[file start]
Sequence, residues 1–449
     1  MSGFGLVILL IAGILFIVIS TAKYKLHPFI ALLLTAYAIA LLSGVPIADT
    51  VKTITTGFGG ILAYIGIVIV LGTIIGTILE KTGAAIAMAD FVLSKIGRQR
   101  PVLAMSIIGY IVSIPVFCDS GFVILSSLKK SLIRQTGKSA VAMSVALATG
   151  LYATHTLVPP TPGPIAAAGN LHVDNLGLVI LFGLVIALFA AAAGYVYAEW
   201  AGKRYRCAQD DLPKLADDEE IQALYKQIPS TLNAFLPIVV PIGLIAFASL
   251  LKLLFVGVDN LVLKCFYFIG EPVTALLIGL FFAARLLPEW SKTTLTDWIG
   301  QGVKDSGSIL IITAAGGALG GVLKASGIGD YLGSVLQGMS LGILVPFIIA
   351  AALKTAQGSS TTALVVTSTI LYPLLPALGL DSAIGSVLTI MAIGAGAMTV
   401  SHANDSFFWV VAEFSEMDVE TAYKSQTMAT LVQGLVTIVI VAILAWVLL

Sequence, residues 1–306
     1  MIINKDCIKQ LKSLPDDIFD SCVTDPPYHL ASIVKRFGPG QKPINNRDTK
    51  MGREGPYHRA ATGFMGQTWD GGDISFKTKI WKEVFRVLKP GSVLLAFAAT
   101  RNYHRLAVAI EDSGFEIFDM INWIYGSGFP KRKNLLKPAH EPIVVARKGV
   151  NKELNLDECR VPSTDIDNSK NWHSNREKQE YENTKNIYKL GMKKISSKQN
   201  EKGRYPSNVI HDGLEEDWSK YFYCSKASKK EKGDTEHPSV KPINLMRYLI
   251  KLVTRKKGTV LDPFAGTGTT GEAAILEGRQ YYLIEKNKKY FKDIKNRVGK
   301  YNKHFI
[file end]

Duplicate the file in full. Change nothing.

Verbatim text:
Sequence, residues 1–449
     1  MSGFGLVILL IAGILFIVIS TAKYKLHPFI ALLLTAYAIA LLSGVPIADT
    51  VKTITTGFGG ILAYIGIVIV LGTIIGTILE KTGAAIAMAD FVLSKIGRQR
   101  PVLAMSIIGY IVSIPVFCDS GFVILSSLKK SLIRQTGKSA VAMSVALATG
   151  LYATHTLVPP TPGPIAAAGN LHVDNLGLVI LFGLVIALFA AAAGYVYAEW
   201  AGKRYRCAQD DLPKLADDEE IQALYKQIPS TLNAFLPIVV PIGLIAFASL
   251  LKLLFVGVDN LVLKCFYFIG EPVTALLIGL FFAARLLPEW SKTTLTDWIG
   301  QGVKDSGSIL IITAAGGALG GVLKASGIGD YLGSVLQGMS LGILVPFIIA
   351  AALKTAQGSS TTALVVTSTI LYPLLPALGL DSAIGSVLTI MAIGAGAMTV
   401  SHANDSFFWV VAEFSEMDVE TAYKSQTMAT LVQGLVTIVI VAILAWVLL

Sequence, residues 1–306
     1  MIINKDCIKQ LKSLPDDIFD SCVTDPPYHL ASIVKRFGPG QKPINNRDTK
    51  MGREGPYHRA ATGFMGQTWD GGDISFKTKI WKEVFRVLKP GSVLLAFAAT
   101  RNYHRLAVAI EDSGFEIFDM INWIYGSGFP KRKNLLKPAH EPIVVARKGV
   151  NKELNLDECR VPSTDIDNSK NWHSNREKQE YENTKNIYKL GMKKISSKQN
   201  EKGRYPSNVI HDGLEEDWSK YFYCSKASKK EKGDTEHPSV KPINLMRYLI
   251  KLVTRKKGTV LDPFAGTGTT GEAAILEGRQ YYLIEKNKKY FKDIKNRVGK
   301  YNKHFI